State governments have readily adopted IT to improve the convenience and quality of services, but few have managed to use IT to reduce costs. The time is ripe for the public sector to fulfill the original promise of e-government by using technology to boost productivity.
The Information Technology and Innovation Foundation has estimated that if state governments were to fully develop IT-driven productivity strategies, they could realize as much as $11 billion in savings over the next five years. Policymakers can develop state productivity strategies in several important ways.
First, perform a formal assessment of all major government functions and identify the ones with the most direct costs (not including transfer payments to others) and those that show potential for productivity improvement. Also, examine potential savings to users to deliver benefits to the broader economy and society overall.
For example, in 2013, Utah began placing sensors along highways to monitor road conditions, track the efficiency of road crews and help divert traffic during emergencies. These sensors not only reduced the costs of weather response, but aided the community by improving safety and reducing the length of road closures, time spent commuting and fuel costs. In fact, the sensors helped reduce car crashes in Utah by 39 percent. When evaluating IT investments, policymakers should look for this kind of enhanced overall productivity.
Achieving productivity through IT cost-cutting doesn’t mean scrimping on needed investments. In many cases, governments will need to spend more on IT to save money elsewhere. Many states need to modernize their IT infrastructure by adopting new and innovative technologies. North Carolina took this idea to heart with its Innovation Center program, which allows state employees to test different technologies before adopting them for wider use.
Productivity strategies should focus on using technology to cut costs across government, including labor costs. State leaders often do not want to commit to IT-generated cost savings, in part because achieving them can require workforce downsizing, something that is often politically challenging. As a result, government officials tend to make the case for increased government IT investment based on improving the quality of services, rather than on reducing direct costs.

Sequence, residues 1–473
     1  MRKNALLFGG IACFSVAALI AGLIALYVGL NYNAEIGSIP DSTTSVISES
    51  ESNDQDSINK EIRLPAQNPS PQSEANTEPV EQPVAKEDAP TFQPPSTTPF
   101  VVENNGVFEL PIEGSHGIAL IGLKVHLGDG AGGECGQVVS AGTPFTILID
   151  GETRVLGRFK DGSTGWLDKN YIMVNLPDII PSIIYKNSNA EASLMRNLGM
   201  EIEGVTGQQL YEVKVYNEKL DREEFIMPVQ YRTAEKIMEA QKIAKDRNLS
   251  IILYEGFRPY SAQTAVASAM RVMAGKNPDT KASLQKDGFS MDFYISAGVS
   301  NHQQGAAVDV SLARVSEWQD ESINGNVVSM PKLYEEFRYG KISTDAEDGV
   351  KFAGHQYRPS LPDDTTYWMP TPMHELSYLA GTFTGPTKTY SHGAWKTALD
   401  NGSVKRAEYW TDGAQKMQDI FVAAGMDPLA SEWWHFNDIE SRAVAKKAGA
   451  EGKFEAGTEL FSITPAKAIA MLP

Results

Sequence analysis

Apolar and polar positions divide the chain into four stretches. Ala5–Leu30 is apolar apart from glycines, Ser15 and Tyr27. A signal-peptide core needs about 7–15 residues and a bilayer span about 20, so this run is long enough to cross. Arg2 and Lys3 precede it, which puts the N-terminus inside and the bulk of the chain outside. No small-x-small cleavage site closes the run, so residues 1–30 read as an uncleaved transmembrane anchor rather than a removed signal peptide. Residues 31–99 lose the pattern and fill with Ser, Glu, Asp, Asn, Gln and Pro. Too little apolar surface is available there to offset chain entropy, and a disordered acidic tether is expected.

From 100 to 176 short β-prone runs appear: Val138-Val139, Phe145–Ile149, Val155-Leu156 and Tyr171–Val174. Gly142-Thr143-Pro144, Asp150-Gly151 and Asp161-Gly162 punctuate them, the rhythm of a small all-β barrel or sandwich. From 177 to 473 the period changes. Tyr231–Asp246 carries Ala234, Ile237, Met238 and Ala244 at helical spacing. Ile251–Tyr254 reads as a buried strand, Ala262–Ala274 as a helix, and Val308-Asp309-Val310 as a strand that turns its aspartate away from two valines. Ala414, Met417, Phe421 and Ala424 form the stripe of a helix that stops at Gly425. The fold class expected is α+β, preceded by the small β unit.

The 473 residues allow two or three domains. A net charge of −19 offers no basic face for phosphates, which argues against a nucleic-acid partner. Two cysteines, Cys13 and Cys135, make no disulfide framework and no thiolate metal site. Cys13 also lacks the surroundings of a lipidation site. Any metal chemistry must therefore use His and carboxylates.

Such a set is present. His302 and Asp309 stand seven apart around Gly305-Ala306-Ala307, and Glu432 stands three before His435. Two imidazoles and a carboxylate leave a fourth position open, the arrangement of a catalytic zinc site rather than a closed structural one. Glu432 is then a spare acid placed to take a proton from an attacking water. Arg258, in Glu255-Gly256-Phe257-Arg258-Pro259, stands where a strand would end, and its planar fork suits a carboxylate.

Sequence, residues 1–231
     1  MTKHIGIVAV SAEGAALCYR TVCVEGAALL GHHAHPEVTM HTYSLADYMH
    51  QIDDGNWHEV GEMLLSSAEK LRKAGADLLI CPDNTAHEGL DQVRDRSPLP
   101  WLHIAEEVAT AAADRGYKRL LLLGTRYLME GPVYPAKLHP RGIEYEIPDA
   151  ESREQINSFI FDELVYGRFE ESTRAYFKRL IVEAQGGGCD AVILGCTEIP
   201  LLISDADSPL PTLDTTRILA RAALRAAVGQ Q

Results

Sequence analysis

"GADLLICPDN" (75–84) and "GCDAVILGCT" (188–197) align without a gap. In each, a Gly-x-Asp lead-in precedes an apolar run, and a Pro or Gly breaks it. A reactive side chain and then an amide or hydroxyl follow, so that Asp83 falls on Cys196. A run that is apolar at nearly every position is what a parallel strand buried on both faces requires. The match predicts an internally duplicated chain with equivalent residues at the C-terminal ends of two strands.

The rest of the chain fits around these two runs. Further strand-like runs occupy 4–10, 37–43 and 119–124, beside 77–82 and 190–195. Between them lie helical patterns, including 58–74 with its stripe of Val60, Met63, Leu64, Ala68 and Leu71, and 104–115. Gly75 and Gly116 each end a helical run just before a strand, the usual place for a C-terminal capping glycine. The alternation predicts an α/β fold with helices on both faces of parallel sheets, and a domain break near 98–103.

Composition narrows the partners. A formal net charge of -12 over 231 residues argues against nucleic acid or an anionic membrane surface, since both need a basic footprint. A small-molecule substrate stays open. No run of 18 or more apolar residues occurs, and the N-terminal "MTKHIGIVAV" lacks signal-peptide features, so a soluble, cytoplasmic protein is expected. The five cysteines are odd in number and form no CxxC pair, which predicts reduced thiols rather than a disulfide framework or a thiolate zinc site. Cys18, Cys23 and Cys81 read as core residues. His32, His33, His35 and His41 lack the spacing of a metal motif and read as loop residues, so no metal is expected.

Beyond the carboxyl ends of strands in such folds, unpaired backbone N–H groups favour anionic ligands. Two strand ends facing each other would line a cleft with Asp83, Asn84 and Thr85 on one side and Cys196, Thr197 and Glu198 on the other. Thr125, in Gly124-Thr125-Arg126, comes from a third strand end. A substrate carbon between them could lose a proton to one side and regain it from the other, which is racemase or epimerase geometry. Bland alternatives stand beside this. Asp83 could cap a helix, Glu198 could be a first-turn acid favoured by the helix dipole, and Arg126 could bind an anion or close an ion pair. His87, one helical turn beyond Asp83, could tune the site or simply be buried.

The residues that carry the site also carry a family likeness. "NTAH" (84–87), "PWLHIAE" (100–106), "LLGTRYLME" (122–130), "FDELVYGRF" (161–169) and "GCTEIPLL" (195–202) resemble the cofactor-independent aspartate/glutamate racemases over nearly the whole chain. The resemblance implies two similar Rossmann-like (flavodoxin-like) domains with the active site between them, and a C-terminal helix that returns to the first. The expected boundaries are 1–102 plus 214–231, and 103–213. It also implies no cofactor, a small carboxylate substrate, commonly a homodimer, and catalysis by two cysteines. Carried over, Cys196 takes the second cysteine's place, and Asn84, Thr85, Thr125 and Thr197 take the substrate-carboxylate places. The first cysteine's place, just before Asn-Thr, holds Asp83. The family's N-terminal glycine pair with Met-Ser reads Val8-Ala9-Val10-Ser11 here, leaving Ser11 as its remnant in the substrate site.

Track annual productivity gains across all government services, and reward employees who helped make the gains possible. Policymakers should spur the state to develop its workforce culture into one of continuous improvement and productivity, producing reports on the improvements, cost savings and the overall productivity of the state each year. For example, Minnesota’s Office of Continuous Improvement awards employees who find ways to reduce waste, cut costs and make state services work better for Minnesotans.
Finally, states must grant the CIO the authority to oversee comprehensive IT-enabled productivity strategies. CIOs need to be more than just IT managers focused on outcomes. They need to be able to craft IT-based re-engineering and productivity plans, with an eye to improving efficiency across all state operations.
Now is the time to fulfill the original promise of e-government: not only to provide better and more convenient services, but also to drive productivity in state governments and economies. By committing to IT-enabled productivity strategies, policymakers can keep that promise.